The session on developing a national policing research agenda gave attendees the opportunity to consider a wider range of possible research topics and prioritize policing research needs for the country. To build the research agenda, participants were encouraged to move, add or remove topics as they saw fit. Participants raised several issues that resulted in changes to the draft topics and their categorization. While the ultimate selection of research topics is important, the questions that were raised during the discussions are very significant to the development of the agenda. For example, there was debate as to whether staffing and training should be mutually exclusive or an overarching topic. There were questions as to whether an agreed-upon definition for core policing is required, and how broadly or narrowly we should define the research themes. Participants also raised issues related to mental health and whether it should be its own separate topic or embedded within other policing research topics such as the use of force, training, core policing, community policing, policing and technology, policing diverse communities, etc. Although participants noted the need to further dissect some of the topics presented, there was general agreement that, as a first step, the draft topics covered many of the emerging areas requiring further inquiry.

Central to any discussion on research priorities is the nature of research itself, that is, what is research in relation to the policing context? This question directly ties into the notion of evidence-based practice (best practices), which was also a term that many participants believed lacks clarity. For example, evidence-based practice was listed as a research topic under the Countering Crime umbrella. However, many felt that all police practices should be built on research, resulting in all policing practices being evidence-based. The development of evidence-based practices should, therefore, be an overarching goal within the research agenda, not a research topic unto itself.

In relation to research, participants noted that in general, “research” means different things to different individuals (e.g., academics, police services, and government) and can be carried out in various ways. In the context of policing research, the prevailing notion was that research is often carried out in the following ways: information gathering; experimental research; and identifying and rectifying problems. It was felt that all streams of research should inform policy and ultimately operations in some capacity.

The discussions then moved to finalizing the research topics and ensuring that they are broad and flexible enough to incorporate the various policing issues, while addressing the concerns debated by the participants. As a result, participants identified five priority research topics:

Participants also noted the need for guiding principles in relation to the research agenda, including the following:

Day 3

Getting the Information Out – Dissemination and the Development of a Canadian Policing Research Portal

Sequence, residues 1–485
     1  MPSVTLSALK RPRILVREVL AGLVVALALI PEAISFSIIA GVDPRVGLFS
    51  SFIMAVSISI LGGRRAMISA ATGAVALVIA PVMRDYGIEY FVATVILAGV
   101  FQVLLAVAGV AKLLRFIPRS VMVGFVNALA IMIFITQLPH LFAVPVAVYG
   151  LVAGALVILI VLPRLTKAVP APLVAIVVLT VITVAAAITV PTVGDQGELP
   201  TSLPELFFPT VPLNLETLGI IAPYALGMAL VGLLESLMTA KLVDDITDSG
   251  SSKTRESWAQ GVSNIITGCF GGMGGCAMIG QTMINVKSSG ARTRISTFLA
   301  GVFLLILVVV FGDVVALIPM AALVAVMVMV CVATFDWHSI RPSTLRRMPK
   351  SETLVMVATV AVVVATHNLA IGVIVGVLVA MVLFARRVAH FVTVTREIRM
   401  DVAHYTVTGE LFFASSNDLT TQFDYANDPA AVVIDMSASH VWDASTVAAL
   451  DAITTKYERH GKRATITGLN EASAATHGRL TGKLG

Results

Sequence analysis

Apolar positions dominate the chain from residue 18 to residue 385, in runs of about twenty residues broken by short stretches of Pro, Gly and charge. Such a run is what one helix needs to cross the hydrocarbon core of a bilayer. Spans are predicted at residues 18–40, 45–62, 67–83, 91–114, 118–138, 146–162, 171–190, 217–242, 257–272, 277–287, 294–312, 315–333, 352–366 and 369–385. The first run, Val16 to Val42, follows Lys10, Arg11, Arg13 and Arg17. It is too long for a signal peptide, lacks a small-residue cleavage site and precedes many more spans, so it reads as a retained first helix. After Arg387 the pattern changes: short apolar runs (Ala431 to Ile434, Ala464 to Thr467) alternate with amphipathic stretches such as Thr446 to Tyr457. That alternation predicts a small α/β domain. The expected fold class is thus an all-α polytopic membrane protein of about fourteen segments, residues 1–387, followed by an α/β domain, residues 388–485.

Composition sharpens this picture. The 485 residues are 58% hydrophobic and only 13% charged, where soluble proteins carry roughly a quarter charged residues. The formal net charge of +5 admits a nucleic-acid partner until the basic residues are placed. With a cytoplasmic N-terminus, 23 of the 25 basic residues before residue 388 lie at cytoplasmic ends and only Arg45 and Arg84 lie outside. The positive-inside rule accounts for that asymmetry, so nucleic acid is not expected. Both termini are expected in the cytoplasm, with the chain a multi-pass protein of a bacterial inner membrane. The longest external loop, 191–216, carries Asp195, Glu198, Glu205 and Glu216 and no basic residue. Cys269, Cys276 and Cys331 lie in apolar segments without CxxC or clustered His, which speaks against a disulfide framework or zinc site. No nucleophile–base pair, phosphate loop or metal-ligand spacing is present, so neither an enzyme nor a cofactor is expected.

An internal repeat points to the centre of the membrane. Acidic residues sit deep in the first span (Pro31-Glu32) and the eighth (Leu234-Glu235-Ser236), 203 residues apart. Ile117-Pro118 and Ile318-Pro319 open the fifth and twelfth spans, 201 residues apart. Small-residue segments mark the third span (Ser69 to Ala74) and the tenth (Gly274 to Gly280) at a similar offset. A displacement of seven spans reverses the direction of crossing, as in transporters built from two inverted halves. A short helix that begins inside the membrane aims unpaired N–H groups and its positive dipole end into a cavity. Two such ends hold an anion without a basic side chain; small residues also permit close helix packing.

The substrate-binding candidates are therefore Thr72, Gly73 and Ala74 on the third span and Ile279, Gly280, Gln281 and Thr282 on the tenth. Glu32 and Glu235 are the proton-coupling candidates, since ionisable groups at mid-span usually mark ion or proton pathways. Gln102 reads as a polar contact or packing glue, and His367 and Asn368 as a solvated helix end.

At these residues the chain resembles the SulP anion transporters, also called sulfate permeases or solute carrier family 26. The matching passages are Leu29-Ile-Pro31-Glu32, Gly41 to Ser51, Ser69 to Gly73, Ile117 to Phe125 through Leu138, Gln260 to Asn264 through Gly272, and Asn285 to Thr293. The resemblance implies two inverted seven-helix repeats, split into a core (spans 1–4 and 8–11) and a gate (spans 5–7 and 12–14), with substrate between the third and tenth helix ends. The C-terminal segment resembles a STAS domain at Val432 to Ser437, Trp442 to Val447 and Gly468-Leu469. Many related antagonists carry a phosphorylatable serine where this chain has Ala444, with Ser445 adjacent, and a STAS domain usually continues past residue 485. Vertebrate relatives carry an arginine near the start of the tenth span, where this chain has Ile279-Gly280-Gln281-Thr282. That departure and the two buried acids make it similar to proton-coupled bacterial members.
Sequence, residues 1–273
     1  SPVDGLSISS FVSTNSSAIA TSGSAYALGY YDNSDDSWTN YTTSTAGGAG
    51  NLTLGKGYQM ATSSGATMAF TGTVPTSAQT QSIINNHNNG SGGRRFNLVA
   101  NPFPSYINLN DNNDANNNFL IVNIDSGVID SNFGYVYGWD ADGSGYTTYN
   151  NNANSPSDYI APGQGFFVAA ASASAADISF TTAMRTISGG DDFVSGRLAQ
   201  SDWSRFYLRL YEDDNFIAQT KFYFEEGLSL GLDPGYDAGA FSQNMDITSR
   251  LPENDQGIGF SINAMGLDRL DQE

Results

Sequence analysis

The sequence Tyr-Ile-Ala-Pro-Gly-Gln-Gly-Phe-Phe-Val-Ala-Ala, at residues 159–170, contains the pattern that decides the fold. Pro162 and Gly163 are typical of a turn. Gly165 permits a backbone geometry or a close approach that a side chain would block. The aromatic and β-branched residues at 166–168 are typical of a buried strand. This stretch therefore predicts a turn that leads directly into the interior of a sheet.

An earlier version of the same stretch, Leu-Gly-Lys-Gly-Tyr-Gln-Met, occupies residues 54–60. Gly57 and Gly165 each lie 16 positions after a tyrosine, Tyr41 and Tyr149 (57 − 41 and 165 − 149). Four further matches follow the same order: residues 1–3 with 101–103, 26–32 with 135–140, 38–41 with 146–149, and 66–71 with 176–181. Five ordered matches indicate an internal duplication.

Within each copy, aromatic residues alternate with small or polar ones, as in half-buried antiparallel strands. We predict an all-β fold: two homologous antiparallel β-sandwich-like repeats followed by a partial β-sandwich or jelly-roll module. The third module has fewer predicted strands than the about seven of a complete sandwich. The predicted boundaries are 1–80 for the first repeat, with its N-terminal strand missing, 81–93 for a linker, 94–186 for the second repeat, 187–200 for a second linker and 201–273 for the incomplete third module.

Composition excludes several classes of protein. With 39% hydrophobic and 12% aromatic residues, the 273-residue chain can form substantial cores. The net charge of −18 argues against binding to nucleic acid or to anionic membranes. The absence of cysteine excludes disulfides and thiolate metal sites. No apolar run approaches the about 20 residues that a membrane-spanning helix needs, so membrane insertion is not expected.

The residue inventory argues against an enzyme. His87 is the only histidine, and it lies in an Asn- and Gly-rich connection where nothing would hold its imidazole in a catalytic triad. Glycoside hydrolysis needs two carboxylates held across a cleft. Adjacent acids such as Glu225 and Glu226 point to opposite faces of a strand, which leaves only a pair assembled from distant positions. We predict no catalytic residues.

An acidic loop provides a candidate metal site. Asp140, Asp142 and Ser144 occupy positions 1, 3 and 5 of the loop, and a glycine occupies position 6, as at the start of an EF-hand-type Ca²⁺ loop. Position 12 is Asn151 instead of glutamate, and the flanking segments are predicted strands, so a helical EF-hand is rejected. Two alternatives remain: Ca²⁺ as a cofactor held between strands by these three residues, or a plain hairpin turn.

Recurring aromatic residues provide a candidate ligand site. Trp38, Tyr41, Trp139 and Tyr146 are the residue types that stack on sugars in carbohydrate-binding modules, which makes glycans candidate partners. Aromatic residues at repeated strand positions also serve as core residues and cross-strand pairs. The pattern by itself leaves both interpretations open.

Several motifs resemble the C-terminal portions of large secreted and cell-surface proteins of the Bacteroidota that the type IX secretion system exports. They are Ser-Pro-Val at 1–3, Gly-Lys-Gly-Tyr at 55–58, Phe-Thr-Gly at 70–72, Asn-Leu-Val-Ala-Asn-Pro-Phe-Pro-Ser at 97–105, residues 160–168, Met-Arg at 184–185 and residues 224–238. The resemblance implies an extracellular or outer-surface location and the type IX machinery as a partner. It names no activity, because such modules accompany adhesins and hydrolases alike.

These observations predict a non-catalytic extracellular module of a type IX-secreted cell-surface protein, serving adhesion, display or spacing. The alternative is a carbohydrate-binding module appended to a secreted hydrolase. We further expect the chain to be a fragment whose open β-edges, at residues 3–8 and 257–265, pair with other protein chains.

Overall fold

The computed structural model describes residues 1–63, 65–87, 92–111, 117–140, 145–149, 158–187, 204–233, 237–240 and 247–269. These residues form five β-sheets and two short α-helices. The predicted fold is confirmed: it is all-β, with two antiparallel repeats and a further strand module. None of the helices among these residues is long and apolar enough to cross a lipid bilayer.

The Baseline for Policing Research in Canada report highlighted the need to develop a mechanism to disseminate policing research findings.  Currently, the avenues for the dissemination of policing research in Canada are minimal, and those that do exist lack the capacity to share research with police services, governments and the community in general.  As such, a core goal of the Shared Forward Agenda is to develop an online portal for policing research that can be accessed by police services and other policing stakeholders, as well as the general public.

The Symposium concluded with a demonstration of a mock-up for a proposed policing research portal for Canada. A significant advantage of a portal is the ability to compile existing research in one location and to provide other important information on policing to stakeholders and the general public.  In this respect, a portal can serve as the warehouse or clearing-house of information that is required in a policing research network.  The demonstration allowed for a discussion among police services, academics and government representatives on the required features of the portal, as well as suggestions on how to ensure the portal's usability and longevity. The suggestions were very informative and the participant feedback was positive and will be taken into consideration as the policing research portal is developed.

Key Suggestions from Participants

The Portal should carry out the following tasks:

Way Forward And Next Steps

The materials presented in this report have documented the key presentations and discussions that occurred over the course of the two-and-a-half day National Policing Research Symposium. This report identifies the important lines of inquiry and essential considerations as well as the decisions taken on the development of the three-pronged research plan under the Shared Forward Agenda related to the following:

These discussions produced a wealth of materials and ideas on how to improve the capacity to conduct policing research in Canada, as well as how to create structures that would foster collaboration between the police, academics, governments and stakeholders. The overall feeling of those that attended the Symposium was that the status quo with respect to policing research in Canada is inadequate. It is for these reasons that the three-pronged research plan was developed and will help to re-shape the way policing research is conducted and disseminated in Canada. In moving forward, Public Safety Canada will continue to advance the development of this research plan in collaboration with police and other stakeholder groups in attendance at the Symposium. We all have a role to play in the future of Canadian policing research.


Bradley, D. and C. Nixon. 2009. “Ending the 'Dialogue of the Deaf': Evidence and Policing Policies and Practice. An Australian Case Study.” Police Practice and Research, 10 (5-6), 423-35.

Griffiths, C.T. (2013). Economics of Policing: Baseline for policing research in Canada. Ottawa: Public Safety Canada.

Robertson, N. 2012. “Policing: Fundamental Principles in a Canadian Context.” Canadian Public Administration, 55(3), 343-63.